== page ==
KEEP ASPARAGUS well weeded and watered, too. Let asparagus ferns grow till hard frost, when they are fully browned—or even leave them up till spring cleanup.
GARLIC should be curing in an airy, sheltered place. Read all about growing garlic, and storing your harvest–and order bulbs now for October-ish planting.
HAVING TOMATO, CUKE OR SQUASH TROUBLES? There is a range of possible problems with tomatoes, but who could garden without them? If your issue is cucumbers or summer squash, start here. Peppers can be tricky in some seasons; pepper tips and recipes and storage tips.
AS AREAS COME EMPTY from harvest, build vegetable-garden soil by sowing cover crops. These “green manures” will be turned under to improve soil tilth and fertility. Don’t sow in areas reserved for fall-planted garlic.
DAYLILIES can be dug and divided as they complete their bloom cycle, right into fall, if needed.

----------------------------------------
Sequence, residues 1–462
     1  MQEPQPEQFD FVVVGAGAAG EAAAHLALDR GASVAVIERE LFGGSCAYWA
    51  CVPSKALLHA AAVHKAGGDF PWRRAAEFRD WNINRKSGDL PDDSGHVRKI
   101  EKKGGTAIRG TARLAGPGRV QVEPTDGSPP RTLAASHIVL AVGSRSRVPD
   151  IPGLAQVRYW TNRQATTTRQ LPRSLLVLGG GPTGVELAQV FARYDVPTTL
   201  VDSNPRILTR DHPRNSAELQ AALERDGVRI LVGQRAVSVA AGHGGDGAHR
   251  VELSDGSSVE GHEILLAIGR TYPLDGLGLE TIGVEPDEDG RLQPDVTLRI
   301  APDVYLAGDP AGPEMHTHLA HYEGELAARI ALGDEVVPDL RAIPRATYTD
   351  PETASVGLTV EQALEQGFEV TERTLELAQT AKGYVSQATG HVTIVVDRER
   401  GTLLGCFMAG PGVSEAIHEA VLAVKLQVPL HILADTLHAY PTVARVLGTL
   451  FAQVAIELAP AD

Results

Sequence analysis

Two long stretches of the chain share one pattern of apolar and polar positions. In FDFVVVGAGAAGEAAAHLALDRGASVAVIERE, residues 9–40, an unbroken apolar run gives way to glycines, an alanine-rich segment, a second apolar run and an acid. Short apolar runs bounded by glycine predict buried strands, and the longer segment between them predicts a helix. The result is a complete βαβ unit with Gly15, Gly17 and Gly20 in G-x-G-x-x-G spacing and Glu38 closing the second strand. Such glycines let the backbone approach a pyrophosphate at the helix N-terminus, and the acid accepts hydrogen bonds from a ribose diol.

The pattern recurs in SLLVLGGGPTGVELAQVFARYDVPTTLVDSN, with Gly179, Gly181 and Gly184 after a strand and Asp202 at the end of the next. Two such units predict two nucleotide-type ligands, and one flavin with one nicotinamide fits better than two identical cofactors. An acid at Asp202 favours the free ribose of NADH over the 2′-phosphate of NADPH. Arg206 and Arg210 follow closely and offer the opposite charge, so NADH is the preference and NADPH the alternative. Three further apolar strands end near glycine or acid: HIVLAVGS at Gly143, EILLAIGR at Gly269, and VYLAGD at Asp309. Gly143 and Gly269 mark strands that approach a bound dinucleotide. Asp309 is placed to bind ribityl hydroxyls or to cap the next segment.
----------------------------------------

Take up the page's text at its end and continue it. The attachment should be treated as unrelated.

PEONIES are best divided and transplanted in late August through September, if they need it. Their “eyes” must not be buried more than an inch or two beneath the soil surface. Want more peonies? Now’s the time to order from specialists like Song Sparrow or Peony’s Envy (see Resource Links list).
IF HOUSEPLANTS NEED repotting, do it now, while they’re still outside (less messy than in the house).
MID-AUGUST TO MID-SEPTEMBER is prime lawn-renovation, planting and re-seeding time in the North. (Always overseed bare spots at once when they occur, to limit weedy opportunists.) Paul Tukey offers expert advice.
DON’T LET the heap dry out completely, or it will not “cook.” Turning it to aerate will also hasten decomposition, but things will rot eventually even if not turned. Begin sifting finished material to top up beds after fall cleanup.
(On using these chores: I garden in Zone 5B, in the Hudson Valley, NY-Berkshires, MA region, where frost stays till May sometime and returns in early October or sooner some years. Adjust accordingly to your zone.)